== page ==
Giugni memorial focuses on his loyalty
Loyalty was the byword last night as friends, colleagues and family remembered Henry Ku'ualoha Giugni, a self-described "simple Hawaiian boy" who was the first person of color to be appointed sergeant-at-arms of the U.S. Senate.
Mayor Mufi Hannemann and former governors John Waihee and Ben Cayetano were among more than 400 people who offered condolences to Giugni's family before the service at Hanahauoli School.
Giugni, 80, a former Hono-lulu police officer and liquor investigator who became an influential insider in national Democratic politics, died Nov. 3 in a Maryland hospital. He went to Washington as executive assistant to Daniel Inouye when he first took office in Congress in 1959. He continued as Inouye's chief of staff until his appointment in 1987 as sergeant-at-arms, and was the senator's confidant for life.
In a program of emotional tributes and hilarious anecdotes, Inouye recalled a serious Giugni, who asked to join Martin Luther King Jr. and carried the Hawaiian flag in the 1965 Selma civil rights march. Giugni's initiatives as head of the 2,000-employee sergeant-at-arms office included the first appointments of African Americans and development of programs to guide blind and deaf visitors in the nation's Capitol.
"I was one of the many young Hawaiians inspired by him to never take a back seat to anybody," said Billy Kenoi, an aide to the Big Island mayor's office and a former Inouye aide. "He told me 'No such thing as no can, only how can.' What you want to accomplish, you got to do it yourself; no one's going to do it for you."
Vinnie Versage said: "I learned the meaning of loyalty and how to live it. He was a tenacious fighter for the senator and for Hawaii."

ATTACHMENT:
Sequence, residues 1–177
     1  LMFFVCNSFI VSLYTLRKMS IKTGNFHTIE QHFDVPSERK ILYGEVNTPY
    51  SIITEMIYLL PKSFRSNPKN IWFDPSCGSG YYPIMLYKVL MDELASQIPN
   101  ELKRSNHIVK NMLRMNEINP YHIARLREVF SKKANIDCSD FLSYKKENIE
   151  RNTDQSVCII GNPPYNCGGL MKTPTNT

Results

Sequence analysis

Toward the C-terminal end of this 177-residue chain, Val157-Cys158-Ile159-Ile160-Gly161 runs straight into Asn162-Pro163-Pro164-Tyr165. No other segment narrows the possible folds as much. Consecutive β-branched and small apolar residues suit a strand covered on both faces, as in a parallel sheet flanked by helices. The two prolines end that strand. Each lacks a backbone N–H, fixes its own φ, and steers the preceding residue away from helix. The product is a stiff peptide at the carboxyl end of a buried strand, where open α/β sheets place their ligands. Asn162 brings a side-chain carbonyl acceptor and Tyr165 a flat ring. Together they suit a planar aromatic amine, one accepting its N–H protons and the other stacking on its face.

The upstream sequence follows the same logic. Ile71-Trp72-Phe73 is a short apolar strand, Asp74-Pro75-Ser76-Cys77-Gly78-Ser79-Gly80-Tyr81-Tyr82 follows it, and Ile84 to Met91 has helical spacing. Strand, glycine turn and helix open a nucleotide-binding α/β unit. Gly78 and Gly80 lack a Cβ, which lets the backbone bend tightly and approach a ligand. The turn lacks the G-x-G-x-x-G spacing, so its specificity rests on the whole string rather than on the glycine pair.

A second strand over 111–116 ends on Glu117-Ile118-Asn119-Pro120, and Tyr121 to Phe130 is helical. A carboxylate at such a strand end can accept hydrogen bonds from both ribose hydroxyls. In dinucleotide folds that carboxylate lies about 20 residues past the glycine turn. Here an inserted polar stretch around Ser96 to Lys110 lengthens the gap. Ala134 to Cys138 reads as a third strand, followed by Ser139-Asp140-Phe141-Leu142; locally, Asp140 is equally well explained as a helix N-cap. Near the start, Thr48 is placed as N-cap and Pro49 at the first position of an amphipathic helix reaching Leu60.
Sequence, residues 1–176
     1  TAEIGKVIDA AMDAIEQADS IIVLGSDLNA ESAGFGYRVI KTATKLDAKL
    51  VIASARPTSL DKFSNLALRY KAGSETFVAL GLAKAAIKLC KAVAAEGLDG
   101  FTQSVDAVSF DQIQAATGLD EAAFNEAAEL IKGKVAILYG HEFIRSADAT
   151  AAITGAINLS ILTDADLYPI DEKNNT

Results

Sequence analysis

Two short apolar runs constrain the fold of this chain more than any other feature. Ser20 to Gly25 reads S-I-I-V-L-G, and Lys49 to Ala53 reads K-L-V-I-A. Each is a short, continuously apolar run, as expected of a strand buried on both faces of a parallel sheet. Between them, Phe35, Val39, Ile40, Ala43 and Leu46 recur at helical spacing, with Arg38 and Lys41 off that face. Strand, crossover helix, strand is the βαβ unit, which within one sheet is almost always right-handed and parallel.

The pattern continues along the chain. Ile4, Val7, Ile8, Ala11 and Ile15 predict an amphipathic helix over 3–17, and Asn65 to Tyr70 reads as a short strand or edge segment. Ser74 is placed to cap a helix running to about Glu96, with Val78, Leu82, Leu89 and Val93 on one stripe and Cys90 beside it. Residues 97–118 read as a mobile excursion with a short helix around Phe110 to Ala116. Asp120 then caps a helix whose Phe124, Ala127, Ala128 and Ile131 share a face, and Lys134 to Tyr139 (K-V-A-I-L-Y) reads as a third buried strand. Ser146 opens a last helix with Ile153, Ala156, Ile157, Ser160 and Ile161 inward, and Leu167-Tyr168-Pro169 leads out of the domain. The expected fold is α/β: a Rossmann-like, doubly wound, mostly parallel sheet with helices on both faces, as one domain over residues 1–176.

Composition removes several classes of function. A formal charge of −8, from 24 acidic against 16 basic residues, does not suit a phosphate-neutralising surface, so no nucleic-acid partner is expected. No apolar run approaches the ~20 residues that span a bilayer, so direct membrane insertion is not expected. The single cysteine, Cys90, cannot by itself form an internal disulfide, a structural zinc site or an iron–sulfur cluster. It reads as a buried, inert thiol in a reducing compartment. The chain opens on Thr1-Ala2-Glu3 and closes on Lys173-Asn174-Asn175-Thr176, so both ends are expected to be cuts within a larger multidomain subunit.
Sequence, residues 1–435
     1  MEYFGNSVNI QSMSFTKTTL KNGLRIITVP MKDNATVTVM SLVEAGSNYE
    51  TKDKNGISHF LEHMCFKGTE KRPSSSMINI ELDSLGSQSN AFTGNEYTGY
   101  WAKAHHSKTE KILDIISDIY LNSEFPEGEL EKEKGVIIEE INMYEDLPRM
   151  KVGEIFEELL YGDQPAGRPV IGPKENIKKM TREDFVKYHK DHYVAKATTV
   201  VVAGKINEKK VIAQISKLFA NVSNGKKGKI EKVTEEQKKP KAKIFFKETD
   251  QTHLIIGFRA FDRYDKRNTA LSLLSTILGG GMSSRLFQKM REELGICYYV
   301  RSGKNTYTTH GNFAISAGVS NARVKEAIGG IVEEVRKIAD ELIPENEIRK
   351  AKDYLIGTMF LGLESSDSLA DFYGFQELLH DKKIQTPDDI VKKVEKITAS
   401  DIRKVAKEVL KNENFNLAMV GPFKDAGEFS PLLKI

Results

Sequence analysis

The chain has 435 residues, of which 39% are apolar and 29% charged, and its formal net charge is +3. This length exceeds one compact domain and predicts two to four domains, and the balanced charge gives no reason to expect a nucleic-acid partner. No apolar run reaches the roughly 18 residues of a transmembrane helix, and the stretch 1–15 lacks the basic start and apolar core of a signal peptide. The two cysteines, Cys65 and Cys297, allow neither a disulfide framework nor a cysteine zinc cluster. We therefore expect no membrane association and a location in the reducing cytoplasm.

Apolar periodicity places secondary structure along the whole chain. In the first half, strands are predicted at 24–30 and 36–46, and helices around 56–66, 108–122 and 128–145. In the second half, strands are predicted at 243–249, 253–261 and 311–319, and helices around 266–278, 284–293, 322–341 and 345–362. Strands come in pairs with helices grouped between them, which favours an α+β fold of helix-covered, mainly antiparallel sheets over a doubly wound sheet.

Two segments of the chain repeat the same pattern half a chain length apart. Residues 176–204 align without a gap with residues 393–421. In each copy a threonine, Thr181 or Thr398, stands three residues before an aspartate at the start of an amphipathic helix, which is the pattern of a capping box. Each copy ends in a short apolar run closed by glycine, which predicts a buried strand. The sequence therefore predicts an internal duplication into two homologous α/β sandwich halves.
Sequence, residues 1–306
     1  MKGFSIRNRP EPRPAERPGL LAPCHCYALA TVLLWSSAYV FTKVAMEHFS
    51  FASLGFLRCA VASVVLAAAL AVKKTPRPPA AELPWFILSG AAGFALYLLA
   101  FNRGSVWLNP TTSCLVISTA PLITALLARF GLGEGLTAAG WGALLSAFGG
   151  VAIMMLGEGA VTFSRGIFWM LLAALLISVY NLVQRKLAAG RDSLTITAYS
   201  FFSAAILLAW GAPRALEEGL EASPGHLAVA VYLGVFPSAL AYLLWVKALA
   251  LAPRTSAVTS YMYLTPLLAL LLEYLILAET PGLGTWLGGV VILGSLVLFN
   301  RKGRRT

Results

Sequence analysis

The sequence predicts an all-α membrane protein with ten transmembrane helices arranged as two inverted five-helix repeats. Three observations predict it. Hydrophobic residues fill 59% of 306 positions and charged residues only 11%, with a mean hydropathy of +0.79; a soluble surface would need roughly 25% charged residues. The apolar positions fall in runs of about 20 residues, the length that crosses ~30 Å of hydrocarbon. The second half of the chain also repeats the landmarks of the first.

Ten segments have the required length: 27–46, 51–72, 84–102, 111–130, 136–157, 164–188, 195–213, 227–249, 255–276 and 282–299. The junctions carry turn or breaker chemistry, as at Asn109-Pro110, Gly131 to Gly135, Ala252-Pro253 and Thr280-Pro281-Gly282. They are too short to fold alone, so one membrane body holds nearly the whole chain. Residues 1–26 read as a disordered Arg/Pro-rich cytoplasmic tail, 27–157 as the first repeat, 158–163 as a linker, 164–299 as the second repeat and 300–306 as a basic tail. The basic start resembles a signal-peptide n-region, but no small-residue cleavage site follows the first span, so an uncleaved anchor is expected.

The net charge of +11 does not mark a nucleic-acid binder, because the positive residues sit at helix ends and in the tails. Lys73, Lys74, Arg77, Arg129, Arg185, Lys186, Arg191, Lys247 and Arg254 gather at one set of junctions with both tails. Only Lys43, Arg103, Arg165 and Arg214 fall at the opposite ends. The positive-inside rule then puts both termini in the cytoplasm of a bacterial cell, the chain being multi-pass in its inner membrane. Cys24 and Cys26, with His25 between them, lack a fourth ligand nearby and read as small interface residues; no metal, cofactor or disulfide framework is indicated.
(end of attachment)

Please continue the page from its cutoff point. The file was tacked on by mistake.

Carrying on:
Circuit Judge Eden Elizabeth Hifo* recalled Giugni's gleeful description as sergeant-at-arms: "I'm just a little Hawaiian boy with the authority to arrest the president of the United States."
Hifo said that in her earlier career as a television reporter, she suggested to Giugni that he write a book from his insider perspective. "His answer was 'never.' He recoiled in disgust at the idea of such disloyalty. Above all, Henry was loyal ... to the senator, to Hawaiians, to the Senate, to his friends."
Heather Giugni described her father as a great father, a complex person and a "consummate Democrat." She said: "Dad got away with amazing things. Everyone had a Henry story."
Giugni attended Hanahauoli School and graduated from Iolani School and University of Hawaii. He is survived by his wife, Muriel Roselani; daughters H. Kealoha Giugni, Deborah Roselani McMillan, Heather Haunani Giugni and Gina Pilialoha Giugni-Halbach; 11 grandchildren, and 12 great-grandchildren.
The family has established a fund to support Congressional internships for Hawaii students. Contributions may be made to The Henry Ku'ualoha Giugni Memorial Fund, c/o The Hawaii Community Foundation, 1164 Bishop St., Suite 800, Hono-lulu, HI 96813.